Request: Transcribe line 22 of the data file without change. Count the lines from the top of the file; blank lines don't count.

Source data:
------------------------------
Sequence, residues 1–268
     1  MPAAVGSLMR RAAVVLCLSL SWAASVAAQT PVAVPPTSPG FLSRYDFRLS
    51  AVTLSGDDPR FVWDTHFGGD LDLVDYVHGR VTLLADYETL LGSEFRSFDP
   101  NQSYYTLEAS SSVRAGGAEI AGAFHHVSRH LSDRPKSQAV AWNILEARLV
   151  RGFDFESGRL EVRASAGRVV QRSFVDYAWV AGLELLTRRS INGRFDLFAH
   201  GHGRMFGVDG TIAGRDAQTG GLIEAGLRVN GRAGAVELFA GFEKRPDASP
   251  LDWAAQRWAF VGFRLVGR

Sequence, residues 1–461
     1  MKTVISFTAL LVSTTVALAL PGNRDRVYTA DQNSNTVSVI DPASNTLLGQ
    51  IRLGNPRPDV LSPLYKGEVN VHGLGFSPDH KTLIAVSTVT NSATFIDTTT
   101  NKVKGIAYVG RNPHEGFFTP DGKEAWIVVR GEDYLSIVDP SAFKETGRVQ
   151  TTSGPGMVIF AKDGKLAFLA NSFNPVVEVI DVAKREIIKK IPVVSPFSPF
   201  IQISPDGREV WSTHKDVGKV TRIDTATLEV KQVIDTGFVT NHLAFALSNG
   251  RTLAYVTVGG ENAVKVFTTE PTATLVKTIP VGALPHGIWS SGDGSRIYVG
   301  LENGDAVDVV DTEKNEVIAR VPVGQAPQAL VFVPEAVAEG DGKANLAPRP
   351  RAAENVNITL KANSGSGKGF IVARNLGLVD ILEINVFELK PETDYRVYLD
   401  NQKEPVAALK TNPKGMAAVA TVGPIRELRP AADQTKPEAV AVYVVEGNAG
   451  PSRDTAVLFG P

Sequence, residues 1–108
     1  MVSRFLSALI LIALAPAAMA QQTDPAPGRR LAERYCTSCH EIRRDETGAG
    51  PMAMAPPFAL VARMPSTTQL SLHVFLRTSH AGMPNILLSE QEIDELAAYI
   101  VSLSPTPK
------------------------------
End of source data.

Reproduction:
   101  VSLSPTPK